The next two months will be a crucial period for the aftermarket — likely becoming a period of comparison we will all point to in the years to come
The automotive aftermarket industry has always paid close attention to the miles-driven metric because it has always been tightly correlated with industry performance. The COVID-19 pandemic changed that perspective a bit, and for good reason. Early on we observed a significant drop in the number of miles driven, while industry sales performance accelerated at a rate not seen in recent history.
Over the past two years, consumer behavior has shifted in a way that benefits the aftermarket. While our core consumers continue to spend, millions of new consumers are now engaging with us. Our industry has, therefore, fared well throughout this pandemic.
In recent months, gasoline prices have become a key focus topic for some in the industry, as gas prices rose above $3.50 per gallon. The last time nominal gasoline prices had crossed the $4.00-per-gallon mark was in mid-2008. At that time, we observed a downturn in miles driven and industry aftermarket industry performance.
Although gasoline prices briefly hit $4.00 in mid-2008 ($5.30 when adjusted for inflation), by the end of that year prices fell to $1.74 per gallon. The average number of miles driven turned negative at that time, but one could argue that it wasn’t just gasoline prices that caused this downturn. Many other economic factors affected consumer behavior, including a major economic recession and stock market plunge, a doubling of the unemployment rate, and a national housing crisis.
As the years went on, the economy began to recover. At the same time, gasoline prices began creeping up, once again crossing the $3.00 mark in early 2011. Despite this economic recovery, it was clear that higher gasoline prices continued to negatively affect miles driven, throughout this period.
As I write this post, average gas prices in the U.S. have reached $4.17 per gallon, the most expensive in history (not correcting for inflation). The effect of these higher gas prices on consumers is very real, but the macro environment is different than it was in the past, and there appears to be a new baseline in the aftermarket because of the fundamental behavior shifts that have positively affected sales performance. After all, it is now easier for consumers to cut back on driving: working from home has become much more common; e-commerce shopping and grocery and food delivery are more accessible; and road trips, the current go-to travel option, are easier to cancel than airline tickets.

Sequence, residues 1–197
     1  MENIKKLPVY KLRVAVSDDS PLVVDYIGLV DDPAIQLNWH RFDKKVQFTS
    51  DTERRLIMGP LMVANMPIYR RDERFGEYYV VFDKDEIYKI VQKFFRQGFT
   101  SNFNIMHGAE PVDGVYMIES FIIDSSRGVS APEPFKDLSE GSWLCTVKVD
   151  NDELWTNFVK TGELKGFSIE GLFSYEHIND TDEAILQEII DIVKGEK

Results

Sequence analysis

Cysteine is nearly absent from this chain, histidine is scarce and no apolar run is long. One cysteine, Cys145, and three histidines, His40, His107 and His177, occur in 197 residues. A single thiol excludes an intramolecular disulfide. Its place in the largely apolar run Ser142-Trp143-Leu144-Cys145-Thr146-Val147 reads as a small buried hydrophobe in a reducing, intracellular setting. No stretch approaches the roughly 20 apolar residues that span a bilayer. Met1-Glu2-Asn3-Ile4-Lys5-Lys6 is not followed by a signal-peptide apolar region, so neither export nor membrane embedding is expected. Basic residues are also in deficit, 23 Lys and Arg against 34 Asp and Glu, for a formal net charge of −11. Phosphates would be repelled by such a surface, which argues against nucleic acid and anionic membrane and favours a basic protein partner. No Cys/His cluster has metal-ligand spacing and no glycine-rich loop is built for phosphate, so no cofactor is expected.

Even so, higher gas-price increases can still deliver a meaningful jolt to consumers’ wallets. This is especially true for lower income consumers and do-it-yourself (DIY) customers who might delay vehicle repairs, extend maintenance intervals, and seek out cheaper brands and products.
We can expect to see some negative effects on aftermarket sales caused by higher prices at the pump but the extent of those effects is not as easy to predict. We cannot assume that higher gas prices will cause the same measurable decline in miles driven that were noted in the past. However, the longer gas prices remain higher than average, the more it could impact household budgets. Even if we don’t see a measurable drop in miles driven, other behavior changes around vehicle maintenance could also drag down overall industry performance.
March 2022 was already set up to be a tough comparison period, due to the end of government stimulus payments and the vaccine rollout in March 2021. And the effects of higher gas prices will add additional noise to the analysis. The next two months will be a crucial period for the automotive aftermarket — likely becoming a period of comparison we will all point to in the years to come.